1. Virtual worlds are destined to become big, in the sense of meaningful, influential, and making money for various current and new players. Every aspect of our lives will be affected by virtual worlds. Virtual worlds are not only going to be part of our lives, they are going to enhance, improve, and better our quality of life. Much like the Internet, virtual worlds will allow us to do “older” things more effectively, and do other things anew.

2. Real virtual worlds are defined as an integration of four factors: 3D view of the world, community, creation, and commerce (3D3C). The more we have in these factors the closer we get to real virtual worlds. In that sense IMVU, Second Life, and Entropia are more real virtual worlds than Club Penguin, World of Warcraft, and SIMS online.

3. Standards, as a concept and mechanism, are often misunderstood. People often link standards with competing concepts: open and free on one hand, propriety patents and limitation of creativity on the other hand. Like many other human constructs, standards are not inherently good or bad – it is what you do with standards that gives them value, be it good or bad. (see my model for standards).

4. Currently the virtual worlds industry operates more like the computer gaming industry than the Internet industry. Each developer, be it private (e.g., Linden, Forterra) or an open source (e.g., Sun Darkstar, OpenSim) is developing its own server, client, and rules of engagement. The inherent rationale of these efforts is a combination of “we know best” and “we will conquer the world.” While this may be the case (see Microsoft Windows, Apple iPod, or Google Search), the common public good calls for a connected system like the Internet where different forces can innovate in particular spots of the value chain.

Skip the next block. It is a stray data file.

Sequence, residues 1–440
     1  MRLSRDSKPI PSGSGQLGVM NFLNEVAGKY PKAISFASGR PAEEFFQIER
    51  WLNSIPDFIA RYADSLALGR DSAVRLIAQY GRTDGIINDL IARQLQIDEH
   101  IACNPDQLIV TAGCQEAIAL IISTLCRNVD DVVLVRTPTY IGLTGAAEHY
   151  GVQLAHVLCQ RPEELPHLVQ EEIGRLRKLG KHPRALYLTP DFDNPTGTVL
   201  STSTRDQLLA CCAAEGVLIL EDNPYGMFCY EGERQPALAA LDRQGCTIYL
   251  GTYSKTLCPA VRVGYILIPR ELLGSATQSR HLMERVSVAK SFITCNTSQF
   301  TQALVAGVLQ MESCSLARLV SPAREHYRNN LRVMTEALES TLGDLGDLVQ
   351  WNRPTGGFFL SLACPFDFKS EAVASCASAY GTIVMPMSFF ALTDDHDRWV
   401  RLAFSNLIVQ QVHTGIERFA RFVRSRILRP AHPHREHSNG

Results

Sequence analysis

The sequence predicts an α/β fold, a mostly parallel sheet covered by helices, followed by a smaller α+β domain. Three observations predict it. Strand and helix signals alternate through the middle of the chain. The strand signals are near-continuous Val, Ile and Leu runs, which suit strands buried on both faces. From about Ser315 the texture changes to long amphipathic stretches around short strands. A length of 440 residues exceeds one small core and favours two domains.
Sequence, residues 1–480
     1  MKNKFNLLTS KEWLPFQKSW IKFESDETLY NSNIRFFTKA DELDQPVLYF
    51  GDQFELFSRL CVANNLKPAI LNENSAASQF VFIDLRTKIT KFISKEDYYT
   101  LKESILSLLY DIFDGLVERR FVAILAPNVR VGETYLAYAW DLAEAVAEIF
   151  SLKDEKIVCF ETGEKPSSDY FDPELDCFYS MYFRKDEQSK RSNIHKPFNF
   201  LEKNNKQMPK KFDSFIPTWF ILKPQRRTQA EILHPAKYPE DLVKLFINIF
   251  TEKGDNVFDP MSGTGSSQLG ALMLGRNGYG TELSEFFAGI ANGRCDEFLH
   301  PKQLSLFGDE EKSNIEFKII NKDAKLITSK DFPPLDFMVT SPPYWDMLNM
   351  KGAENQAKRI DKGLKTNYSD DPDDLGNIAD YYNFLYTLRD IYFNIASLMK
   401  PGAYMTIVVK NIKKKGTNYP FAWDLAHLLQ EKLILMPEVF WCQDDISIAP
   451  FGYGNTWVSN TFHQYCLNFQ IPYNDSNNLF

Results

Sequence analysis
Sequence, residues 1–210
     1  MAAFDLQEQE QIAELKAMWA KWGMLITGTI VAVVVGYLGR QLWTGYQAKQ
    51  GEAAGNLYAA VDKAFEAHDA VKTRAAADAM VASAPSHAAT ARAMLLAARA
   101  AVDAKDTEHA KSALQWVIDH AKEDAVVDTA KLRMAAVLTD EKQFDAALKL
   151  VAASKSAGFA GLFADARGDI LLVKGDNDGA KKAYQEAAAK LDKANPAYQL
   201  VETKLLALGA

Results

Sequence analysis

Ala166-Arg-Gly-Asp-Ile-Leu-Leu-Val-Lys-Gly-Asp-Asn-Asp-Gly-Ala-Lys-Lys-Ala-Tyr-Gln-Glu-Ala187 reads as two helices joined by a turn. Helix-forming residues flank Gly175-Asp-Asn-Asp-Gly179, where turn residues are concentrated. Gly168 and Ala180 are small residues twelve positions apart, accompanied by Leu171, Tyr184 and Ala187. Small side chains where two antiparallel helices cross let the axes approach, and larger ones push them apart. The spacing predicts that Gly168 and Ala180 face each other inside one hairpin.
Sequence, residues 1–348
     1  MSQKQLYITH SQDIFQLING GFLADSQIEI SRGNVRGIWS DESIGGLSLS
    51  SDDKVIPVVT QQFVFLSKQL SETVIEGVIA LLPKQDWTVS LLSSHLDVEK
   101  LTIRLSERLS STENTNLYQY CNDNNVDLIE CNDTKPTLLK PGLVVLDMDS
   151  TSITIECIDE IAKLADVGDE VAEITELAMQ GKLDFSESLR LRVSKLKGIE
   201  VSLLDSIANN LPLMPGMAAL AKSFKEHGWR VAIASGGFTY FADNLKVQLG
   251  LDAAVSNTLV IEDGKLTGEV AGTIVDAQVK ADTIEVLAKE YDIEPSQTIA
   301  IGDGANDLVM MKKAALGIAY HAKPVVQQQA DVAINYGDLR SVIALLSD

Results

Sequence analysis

5. On a personal note: I have a specific take on this work that should be disclosed. I am part of the EU based Metaverse1 project. It is a consortium of 35 organizations mostly based in Europe to set “Global standards between real and virtual worlds.” This work will feed into the previously mentioned MPEG-V effort. Having said that, the efforts to develop standards for virtual worlds are just starting. It will take time. At this point, we are defining the path. We have a long way to go.

The entire paper is here.